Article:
It all started with Elvis.
In 2003, mathematician Tim Pennings of Hope College in Holland, Mich., revealed to the world that his Welsh corgi, Elvis, appears to be solving a calculus problem when finding the optimal path to fetch a ball. In this case, optimal path means minimizing travel time.
When Elvis and Pennings go to the beach, they always play fetch. Standing at the water’s edge, Pennings throws a tennis ball out into the waves, and Elvis eagerly retrieves it. When Pennings throws the ball at an angle to the shoreline, Elvis has several options. He can run along the beach until he is directly opposite the ball, then swim out to get it. Or he can plunge into the water right away and swim all the way to the ball. What happens most the time, however, is that Elvis runs part of the way along the beach, then swims out to the ball.
Depending on the dog’s running and swimming speeds, the strategy that Elvis follows appears to minimize the time that it takes to get to the ball. Indeed, Pennings found by experiment that Elvis performs in a way that closely matches a calculus-based mathematical model of the situation.
“It seems clear that in most cases Elvis chose a path that agreed remarkably closely with the optimal path,” Pennings argued in the May 2003 College Mathematics Journal.
Now, several other researchers have weighed in on the question of what sort of calculations dogs may do to reach their goals.
In the January College Mathematics Journal, Pierre Perruchet of the University of Bourgogne and Jorge Gallego of Robert-Debre Pediatric Hospital in Paris contend that the model chosen by Pennings assumes that the dog knows the entire route in advance in order to minimize the total duration of travel. Instead, they say, a dog optimizes its behavior on a moment-to-moment basis.
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Perruchet and Gallego worked with a female Labrador named Salsa, who, like Elvis, apparently chooses the optimal path when playing fetch along a lakeside beach—in this case, near Nimes, France.
The researchers suggest that a dog playing fetch chooses at each point in time the path that allows it to maximize its speed of approach to the ball.
Here’s their argument. When running from A towards C, the ball at B appears closer and closer as the dog gets closer to C, but its speed of approach to B diminishes (reaching zero at C). At some moment of its run, its speed of approach while running on the beach equals its speed of approach when swimming directly to the ball. If the dog jumps into the water at this moment, the strategy yields the same y value as that provided by the travel-time minimization model (where r is the dog’s running speed, and s is its swimming speed).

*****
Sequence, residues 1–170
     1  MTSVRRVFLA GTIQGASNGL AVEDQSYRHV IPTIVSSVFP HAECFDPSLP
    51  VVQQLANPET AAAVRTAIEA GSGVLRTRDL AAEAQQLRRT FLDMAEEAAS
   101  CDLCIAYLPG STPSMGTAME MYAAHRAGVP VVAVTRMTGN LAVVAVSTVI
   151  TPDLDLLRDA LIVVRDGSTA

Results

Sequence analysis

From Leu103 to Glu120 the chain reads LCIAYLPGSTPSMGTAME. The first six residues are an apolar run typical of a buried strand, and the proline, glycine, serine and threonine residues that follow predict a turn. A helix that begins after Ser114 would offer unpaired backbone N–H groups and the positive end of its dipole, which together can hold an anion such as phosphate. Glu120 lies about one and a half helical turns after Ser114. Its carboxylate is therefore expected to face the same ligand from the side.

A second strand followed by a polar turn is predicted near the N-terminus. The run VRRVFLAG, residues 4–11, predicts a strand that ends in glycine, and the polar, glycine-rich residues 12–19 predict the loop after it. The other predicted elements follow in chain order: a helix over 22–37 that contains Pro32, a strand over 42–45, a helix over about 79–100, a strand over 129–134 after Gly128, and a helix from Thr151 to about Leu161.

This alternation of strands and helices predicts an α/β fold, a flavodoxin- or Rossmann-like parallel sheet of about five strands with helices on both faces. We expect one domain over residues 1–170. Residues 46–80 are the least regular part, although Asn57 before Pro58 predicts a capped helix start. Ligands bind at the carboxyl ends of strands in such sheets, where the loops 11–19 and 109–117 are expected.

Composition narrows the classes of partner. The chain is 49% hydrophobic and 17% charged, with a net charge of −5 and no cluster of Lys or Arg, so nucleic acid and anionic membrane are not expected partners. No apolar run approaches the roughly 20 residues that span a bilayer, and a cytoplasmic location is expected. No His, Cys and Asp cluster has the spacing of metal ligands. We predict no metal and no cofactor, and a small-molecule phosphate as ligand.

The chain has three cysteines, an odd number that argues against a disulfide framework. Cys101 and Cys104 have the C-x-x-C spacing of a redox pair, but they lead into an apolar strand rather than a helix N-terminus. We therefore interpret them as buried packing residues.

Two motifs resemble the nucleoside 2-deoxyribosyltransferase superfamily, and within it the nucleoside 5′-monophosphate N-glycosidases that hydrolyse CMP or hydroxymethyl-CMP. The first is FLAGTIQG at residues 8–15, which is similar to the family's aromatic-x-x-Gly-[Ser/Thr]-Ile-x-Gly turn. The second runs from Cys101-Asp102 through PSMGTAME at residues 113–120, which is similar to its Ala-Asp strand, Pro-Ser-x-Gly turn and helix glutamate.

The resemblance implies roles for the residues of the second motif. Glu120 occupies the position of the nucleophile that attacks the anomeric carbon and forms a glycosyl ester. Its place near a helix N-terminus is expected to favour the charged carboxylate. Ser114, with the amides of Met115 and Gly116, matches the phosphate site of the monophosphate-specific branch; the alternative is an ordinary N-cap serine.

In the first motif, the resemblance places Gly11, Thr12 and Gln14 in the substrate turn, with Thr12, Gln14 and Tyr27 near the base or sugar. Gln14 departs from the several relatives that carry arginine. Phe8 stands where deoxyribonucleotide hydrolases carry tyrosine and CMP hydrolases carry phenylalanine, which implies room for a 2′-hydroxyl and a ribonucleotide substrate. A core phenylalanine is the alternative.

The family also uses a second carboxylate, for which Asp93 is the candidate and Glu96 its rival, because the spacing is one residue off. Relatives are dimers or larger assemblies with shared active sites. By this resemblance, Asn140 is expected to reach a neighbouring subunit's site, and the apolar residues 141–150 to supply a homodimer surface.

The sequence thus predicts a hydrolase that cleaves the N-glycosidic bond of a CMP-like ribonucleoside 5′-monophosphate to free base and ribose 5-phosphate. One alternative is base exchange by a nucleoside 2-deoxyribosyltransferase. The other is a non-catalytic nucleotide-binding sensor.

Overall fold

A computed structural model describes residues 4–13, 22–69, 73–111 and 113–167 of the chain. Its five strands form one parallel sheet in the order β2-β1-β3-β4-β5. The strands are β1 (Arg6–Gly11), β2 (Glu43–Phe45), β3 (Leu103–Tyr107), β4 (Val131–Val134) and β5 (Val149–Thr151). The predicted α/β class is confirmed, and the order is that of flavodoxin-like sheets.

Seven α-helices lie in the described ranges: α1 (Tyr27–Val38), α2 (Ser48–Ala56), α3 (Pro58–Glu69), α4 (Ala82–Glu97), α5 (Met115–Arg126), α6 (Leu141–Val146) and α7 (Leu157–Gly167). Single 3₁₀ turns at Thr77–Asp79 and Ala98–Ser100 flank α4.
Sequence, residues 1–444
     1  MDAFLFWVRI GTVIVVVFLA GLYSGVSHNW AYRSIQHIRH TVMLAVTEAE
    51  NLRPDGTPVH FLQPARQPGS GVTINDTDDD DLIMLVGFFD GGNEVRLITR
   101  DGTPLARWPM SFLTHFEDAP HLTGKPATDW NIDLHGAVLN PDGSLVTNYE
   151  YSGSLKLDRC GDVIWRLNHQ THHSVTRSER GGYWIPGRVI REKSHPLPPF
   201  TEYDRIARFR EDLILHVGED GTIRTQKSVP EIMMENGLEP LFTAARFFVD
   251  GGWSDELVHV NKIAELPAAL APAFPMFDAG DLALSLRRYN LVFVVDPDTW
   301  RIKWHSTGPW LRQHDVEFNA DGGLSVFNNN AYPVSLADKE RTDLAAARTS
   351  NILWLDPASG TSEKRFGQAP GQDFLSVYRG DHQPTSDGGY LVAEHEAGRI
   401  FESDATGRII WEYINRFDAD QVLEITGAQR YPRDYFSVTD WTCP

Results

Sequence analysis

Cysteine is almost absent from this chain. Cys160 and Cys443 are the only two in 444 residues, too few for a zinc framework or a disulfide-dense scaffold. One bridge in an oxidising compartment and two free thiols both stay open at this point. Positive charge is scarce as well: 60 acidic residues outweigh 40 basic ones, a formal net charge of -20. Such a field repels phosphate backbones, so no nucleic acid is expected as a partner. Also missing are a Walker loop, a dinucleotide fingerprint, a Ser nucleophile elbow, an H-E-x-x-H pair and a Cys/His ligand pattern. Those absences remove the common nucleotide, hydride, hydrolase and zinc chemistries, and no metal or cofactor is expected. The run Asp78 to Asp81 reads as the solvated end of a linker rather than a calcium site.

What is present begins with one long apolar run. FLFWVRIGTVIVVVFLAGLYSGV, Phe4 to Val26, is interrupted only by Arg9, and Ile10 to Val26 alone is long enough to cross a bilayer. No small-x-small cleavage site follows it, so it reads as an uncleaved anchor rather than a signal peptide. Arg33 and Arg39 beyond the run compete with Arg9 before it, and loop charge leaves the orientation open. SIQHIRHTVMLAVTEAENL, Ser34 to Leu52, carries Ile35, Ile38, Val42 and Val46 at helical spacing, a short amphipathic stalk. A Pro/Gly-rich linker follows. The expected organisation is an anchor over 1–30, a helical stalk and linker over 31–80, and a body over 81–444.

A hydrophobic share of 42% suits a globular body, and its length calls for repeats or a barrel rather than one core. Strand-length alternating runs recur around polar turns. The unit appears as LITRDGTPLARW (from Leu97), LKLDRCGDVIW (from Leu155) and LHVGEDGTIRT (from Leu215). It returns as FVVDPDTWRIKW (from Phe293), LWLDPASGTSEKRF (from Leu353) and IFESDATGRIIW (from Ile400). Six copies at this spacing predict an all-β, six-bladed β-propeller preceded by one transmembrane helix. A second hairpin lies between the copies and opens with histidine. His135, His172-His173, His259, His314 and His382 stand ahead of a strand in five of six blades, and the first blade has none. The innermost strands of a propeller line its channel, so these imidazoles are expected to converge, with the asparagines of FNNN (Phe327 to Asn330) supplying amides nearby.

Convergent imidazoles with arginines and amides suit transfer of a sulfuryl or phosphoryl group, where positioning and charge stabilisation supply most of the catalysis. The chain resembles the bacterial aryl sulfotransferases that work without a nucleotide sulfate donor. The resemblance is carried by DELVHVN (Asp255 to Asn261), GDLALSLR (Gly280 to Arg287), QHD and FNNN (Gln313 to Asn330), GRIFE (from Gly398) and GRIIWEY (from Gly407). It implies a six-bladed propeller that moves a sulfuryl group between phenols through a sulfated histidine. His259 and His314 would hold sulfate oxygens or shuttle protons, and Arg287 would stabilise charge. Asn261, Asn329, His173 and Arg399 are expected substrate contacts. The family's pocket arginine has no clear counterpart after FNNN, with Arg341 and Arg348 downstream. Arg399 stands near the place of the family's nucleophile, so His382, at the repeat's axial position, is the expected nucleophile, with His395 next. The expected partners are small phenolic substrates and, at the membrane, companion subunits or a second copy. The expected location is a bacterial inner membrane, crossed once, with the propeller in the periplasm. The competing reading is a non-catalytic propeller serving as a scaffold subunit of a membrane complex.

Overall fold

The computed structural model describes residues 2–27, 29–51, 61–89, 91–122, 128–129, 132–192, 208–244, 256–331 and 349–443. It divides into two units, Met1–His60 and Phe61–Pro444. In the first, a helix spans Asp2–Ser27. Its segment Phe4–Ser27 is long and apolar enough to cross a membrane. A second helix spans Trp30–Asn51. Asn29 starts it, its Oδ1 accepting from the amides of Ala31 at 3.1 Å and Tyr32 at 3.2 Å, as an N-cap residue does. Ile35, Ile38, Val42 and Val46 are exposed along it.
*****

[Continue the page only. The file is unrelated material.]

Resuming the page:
“Although this solution is identical to that proposed by Pennings,” Perruchet and Gallego say, “it was gained without assuming canine knowledge of the entire route, and hence can be construed as a more plausible model for [the] dog’s strategy.”
However, for this alternative model to work, a dog must be able to estimate accurately its speed of approach at each moment and to have a general awareness of its swimming speed before entering the water. Perruchet and Gallego argue that dogs and other animals do have such motion detection capabilities.
On the other hand, Pennings insists that Elvis appears to make global decisions rather than instantaneous decisions when retrieving a ball.
The following experiment suggests why. “Playing fetch with Elvis, I decided to throw the stick while standing in the water, about 10-12 feet from shore, and with Elvis right beside me,” Pennings reports. “When I threw the stick in a path parallel to the beach, Elvis swam in to shore, ran along the beach for a sizeable distance, and then dove back into the water to retrieve the stick.”
“Thus,” he adds, “in swimming to shore he was not acting to minimize his distance to the stick as quickly as possible. Instead he did in fact apparently make a ‘global’ decision form the outset as to what path would get him to the stick most quickly.”
In the same issue of the College Mathematics Journal, mathematician Leonid Dickey of the University of Oklahoma proposes an extension—a strategy that dogs might use if they were initially not at the water’s edge but standing some distance from the shore. This becomes a problem in the calculus of variations.
Dickey then asks how a dog would respond if the soil properties (such as density and water content), and hence the running speed, changed gradually. But he presents no experiment data. Perhaps he doesn’t own a dog.
In the meantime, Elvis (full name Elvis Bogart Wales) has gone on to bigger and better things. A year ago, he was awarded an honorary degree “Litterarum Doctoris Caninarum” from Hope College. He even made a guest appearance in Keith Devlin’s new book, The Math Instinct: Why You’re a Mathematical Genius (Along with Lobsters, Birds, Cats, and Dogs).
Check out Ivars Peterson’s MathTrek blog at http://blog.sciencenews.org/.